The life, death, and resurrection of Jesus do not stand apart from the history of Israel or the life of the church afterwards. All are intricately and irrevocably interwoven. We are remembering the Wisdom at the beginning of Creation, from Proverbs 8 and the servant from Isaiah. We are following the apostles and Paul. We are joining the ancient stories, carefully handed down, in the same way we now carefully hand the bread and wine from person to person, and generation to generation. The sacrament of the Eucharist is much more than a mere recollection. The work of the Eucharist, and there is work, is to break open the word, the pray together, to bear peace to one another, in order to enter that anamnestic space where past, present and future exist together.

Do this in remembrance of me

What does it mean, to do as our Saviour commanded?

The Eucharist doesn’t stop when the communion is finished. It doesn’t end when we are sent out To go in peace, to love and serve the Lord. We also proclaim Jesus’s offering of himself, upon the cross, his resurrection, ascension, and look to his coming again. It lives in the love that springs from the interaction of memory, present experience, and anticipation. It continues into our lives afterwards, our hopes and expectations. It lives in the effect in the community we build.

Are we not the body of Christ?

Just as Jesus was and is and is to come, so Christ’s body reaches back in time to the ancients and forward to those that will follow. The past, present and future exist together in God.

And yet, Jesus says of this everyday thing, this real and ordinary and tangible bread – this IS Jesus’s body. This wine, that was on every table at the time, this everyday thing IS Jesus’s blood. Jesus identified not with the feast meal, the special occasion offering, but the everyday sustenance, the here and now. Jesus identifies as the bread – blessed, broken, and given. The Eucharist becomes a place in our individual and collective hearts, our memories, our imaginations, our stories, unbroken by physical distancing.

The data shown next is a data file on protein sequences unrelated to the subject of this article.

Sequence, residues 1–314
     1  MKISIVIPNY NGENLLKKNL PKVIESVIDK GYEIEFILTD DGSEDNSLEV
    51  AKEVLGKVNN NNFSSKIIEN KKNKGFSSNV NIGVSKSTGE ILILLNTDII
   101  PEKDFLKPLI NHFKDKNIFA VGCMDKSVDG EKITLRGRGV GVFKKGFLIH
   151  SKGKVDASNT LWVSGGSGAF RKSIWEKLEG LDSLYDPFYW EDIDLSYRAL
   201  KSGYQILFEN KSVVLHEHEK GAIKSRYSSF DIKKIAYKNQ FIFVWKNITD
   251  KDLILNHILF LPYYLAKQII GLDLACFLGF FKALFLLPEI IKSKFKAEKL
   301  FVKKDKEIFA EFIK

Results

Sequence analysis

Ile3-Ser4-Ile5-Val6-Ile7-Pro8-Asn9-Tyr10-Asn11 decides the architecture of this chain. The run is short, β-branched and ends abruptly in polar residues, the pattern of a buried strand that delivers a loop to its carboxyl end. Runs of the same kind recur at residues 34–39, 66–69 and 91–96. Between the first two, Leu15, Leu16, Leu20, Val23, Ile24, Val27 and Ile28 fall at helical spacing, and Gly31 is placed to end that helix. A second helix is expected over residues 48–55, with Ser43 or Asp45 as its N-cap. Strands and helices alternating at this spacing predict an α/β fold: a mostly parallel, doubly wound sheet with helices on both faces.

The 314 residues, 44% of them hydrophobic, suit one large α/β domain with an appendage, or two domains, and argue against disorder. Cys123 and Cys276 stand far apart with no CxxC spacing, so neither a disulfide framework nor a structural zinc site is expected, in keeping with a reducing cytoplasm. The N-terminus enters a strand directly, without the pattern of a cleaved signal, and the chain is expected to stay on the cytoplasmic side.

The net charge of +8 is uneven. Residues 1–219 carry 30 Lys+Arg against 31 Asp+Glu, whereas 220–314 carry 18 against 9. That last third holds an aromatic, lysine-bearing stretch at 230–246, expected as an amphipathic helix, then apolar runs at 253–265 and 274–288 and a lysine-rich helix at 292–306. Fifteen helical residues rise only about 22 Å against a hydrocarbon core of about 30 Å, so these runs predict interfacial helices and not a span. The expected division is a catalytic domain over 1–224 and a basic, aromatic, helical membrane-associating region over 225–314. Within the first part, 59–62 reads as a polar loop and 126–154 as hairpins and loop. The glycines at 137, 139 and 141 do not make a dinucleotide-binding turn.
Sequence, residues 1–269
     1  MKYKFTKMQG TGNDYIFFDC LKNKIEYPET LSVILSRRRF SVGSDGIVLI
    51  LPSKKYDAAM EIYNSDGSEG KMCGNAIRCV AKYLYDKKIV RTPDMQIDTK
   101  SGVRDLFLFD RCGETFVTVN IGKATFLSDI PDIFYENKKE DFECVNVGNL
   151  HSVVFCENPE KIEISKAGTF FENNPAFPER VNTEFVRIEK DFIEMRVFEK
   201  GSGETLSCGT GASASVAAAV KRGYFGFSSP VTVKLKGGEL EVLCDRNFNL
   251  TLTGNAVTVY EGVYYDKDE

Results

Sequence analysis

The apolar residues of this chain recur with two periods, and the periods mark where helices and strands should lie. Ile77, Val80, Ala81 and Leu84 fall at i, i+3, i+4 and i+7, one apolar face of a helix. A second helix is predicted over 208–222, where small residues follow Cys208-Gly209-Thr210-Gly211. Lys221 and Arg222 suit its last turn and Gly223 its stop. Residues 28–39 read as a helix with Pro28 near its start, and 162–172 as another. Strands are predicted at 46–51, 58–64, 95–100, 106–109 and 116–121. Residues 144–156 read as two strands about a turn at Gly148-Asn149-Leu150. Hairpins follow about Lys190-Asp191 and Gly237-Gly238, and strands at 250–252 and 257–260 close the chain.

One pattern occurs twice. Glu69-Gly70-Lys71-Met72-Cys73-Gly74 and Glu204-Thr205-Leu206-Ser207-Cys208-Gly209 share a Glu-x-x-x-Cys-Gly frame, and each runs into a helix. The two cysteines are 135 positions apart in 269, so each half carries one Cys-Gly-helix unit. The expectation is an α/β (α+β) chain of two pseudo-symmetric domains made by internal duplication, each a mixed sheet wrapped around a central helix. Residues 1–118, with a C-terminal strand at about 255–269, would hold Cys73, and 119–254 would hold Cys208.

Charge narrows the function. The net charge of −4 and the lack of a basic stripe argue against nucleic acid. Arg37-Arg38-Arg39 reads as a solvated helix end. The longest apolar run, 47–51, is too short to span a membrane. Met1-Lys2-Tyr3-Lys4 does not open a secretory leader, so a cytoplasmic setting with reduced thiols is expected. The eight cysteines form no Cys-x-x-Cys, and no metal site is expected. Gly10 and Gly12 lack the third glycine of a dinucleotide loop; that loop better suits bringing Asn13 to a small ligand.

Entering the Eucharistic time, we step into the eternal, lifting out of our individual selves, into the corporate body of Christ – an inarguable interrelatedness to our brothers and sisters to our left and right, past, present, and future. In the anamnestic place of the Eucharist, everyday, ordinary, tangible people become the body of Christ, his spirit is with us – blessed, broken, and given. And we anticipate what is to come. What we are to become when we will encounter our Lord more fully.

This Palm Sunday, we welcome the long-awaited Christ, appearing on a Donkey’s colt, feted by those who could not understand, heading towards the unspeakable, who would emerge in love, remembered forever, and who took the time to invite us to supper.

In the name of the eternal Christ,

Amen.

With thanks to the work of Julie Gittoes, David Ford, Catherine Pickstock, John Zizoulas, Andrea Bieler, Luise Schotroff, and Jürgen Moltmann